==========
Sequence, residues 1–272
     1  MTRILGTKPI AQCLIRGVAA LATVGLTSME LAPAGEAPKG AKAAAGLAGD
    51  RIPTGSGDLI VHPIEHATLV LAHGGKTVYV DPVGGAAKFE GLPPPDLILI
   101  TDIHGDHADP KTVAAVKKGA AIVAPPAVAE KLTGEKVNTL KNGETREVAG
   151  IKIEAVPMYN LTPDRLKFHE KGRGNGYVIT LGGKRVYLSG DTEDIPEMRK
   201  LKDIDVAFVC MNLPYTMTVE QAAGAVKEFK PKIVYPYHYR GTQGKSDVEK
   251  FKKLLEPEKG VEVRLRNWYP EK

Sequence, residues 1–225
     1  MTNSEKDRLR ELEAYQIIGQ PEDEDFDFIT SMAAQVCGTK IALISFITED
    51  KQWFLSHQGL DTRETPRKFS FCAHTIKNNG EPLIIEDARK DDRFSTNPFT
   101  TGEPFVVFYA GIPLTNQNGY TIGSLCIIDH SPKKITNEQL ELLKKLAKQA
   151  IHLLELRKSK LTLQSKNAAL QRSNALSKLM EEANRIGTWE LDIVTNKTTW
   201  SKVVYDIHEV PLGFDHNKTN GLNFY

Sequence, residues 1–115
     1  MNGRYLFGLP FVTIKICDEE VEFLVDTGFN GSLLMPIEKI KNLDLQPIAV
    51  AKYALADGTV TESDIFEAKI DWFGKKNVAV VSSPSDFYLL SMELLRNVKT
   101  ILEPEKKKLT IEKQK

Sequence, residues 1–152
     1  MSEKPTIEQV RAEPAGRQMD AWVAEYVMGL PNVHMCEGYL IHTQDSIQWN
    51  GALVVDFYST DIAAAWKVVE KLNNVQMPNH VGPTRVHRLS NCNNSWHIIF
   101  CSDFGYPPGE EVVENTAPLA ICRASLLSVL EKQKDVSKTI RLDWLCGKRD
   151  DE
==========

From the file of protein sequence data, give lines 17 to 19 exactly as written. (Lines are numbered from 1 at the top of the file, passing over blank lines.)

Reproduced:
   101  ILEPEKKKLT IEKQK

Sequence, residues 1–152
     1  MSEKPTIEQV RAEPAGRQMD AWVAEYVMGL PNVHMCEGYL IHTQDSIQWN